Figures showing that Utah's child-abuse rate is higher than the national average are "misleading and exaggerated figures that are not estimated on solid evidence," a Brigham Young University sociology professor says.

Instead, Utah's parent-to-child severe violence rate was 1.9 percent less than the national parent-to-child severe violence rate, Boyd Rollins said.Rollins' data come from information compiled in the BYU 1986 Study of Utah Families, which compares Utah with a 1985 national child-abuse survey.

Identical questions were used in both surveys, which were random samplings of the cases of child abuse per 1,000 children. The 1985 national survey found that in the average household, there were 10.7 percent severe violent child- abuse acts compared with 8.8 percent in Utah.

The BYU study is yet to be completed and published, but Rollins released information to the Deseret News to indicate that child abuse in Utah isn't as high as people say it is.

"It's too bad we send messages out that it is higher than it is. It really isn't," he said. "In no way am I suggesting that we don't have a problem. We do. But as far as child abuse is concerned our rate is lower."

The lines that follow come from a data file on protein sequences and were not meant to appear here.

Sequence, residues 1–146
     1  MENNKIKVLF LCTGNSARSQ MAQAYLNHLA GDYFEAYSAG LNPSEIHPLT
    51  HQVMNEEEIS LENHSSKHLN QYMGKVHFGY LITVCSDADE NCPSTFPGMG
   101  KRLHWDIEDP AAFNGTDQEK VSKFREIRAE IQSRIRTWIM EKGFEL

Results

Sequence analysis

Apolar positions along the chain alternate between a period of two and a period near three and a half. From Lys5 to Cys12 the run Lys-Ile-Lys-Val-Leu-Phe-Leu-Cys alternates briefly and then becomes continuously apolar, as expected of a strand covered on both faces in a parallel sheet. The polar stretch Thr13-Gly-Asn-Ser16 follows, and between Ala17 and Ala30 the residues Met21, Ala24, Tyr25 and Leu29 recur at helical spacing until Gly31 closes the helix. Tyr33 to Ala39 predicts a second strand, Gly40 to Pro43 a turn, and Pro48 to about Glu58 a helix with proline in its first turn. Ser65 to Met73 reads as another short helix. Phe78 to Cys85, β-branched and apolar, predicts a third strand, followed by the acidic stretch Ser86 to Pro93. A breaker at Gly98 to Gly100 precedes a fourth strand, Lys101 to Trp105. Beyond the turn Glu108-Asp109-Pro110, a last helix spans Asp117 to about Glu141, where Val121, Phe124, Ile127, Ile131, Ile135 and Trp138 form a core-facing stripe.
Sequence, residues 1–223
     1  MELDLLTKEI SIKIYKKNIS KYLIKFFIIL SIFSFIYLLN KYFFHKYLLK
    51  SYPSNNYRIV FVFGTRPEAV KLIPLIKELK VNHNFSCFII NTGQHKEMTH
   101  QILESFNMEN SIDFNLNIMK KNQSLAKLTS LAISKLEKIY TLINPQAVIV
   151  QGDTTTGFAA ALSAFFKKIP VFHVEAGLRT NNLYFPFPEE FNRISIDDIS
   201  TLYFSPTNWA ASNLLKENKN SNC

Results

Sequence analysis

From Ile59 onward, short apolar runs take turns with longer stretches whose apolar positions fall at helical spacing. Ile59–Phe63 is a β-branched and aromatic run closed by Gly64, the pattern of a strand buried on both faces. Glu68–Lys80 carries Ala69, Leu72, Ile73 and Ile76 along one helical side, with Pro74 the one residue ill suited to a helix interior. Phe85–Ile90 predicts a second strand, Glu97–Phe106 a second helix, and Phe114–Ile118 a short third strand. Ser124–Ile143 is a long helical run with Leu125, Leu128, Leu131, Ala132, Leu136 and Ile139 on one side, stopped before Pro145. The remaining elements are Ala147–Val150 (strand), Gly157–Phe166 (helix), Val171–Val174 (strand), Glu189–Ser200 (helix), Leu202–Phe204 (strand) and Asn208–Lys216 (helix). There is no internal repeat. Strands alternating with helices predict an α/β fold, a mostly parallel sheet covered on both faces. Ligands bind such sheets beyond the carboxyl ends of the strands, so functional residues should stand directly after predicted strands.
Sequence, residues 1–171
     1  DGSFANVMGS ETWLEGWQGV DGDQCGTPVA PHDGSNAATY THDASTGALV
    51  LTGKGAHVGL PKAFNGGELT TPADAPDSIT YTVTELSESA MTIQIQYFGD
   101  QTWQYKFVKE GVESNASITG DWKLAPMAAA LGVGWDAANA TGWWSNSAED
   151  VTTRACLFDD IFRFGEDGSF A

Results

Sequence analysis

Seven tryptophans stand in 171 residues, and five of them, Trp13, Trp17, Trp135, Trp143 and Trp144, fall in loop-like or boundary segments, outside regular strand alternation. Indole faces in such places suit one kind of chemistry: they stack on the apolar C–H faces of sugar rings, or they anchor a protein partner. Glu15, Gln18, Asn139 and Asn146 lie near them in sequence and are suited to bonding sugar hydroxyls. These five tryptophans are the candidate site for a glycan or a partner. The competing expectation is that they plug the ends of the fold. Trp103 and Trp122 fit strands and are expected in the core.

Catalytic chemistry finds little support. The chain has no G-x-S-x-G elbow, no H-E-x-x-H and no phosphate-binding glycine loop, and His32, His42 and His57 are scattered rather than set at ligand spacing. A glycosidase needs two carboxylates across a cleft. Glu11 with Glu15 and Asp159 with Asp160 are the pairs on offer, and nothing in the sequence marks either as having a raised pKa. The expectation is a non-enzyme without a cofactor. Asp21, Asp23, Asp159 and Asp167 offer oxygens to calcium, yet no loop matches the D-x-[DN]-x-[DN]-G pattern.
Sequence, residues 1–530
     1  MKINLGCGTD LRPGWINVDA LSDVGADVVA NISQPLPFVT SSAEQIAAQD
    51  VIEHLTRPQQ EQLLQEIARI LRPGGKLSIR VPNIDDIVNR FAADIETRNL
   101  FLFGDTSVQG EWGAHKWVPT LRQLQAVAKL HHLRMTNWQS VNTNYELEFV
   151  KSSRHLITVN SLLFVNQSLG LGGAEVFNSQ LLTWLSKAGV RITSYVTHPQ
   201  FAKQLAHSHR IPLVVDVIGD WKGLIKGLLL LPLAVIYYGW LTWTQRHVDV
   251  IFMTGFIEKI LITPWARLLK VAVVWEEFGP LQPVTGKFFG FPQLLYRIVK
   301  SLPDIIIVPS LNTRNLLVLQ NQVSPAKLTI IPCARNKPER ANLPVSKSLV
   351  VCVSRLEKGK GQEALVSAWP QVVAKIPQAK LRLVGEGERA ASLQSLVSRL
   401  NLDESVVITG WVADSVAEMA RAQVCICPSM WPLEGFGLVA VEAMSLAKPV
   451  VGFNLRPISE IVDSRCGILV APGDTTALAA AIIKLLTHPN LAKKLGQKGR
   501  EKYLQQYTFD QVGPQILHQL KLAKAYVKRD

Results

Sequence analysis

Rollins said Utah's large population of children and high birth rate would suggest that Utah has a greater risk of child abuse, "but there must be some attitudes in Utah to counteract family violence."

With larger families there is a greater chance that children could be abused "because there are more kids with whom parents can run into a conflict. But from my data, Utah is below the national average," he said.

To be classified as severe violence, those responding to the survey indicated that in the past year, a family member kicked, bit, or hit another family member with a fist; hit or tried to hit a family member with something; beat a family member; threatened a family member with a gun or knife; or used a gun or knife on a family member.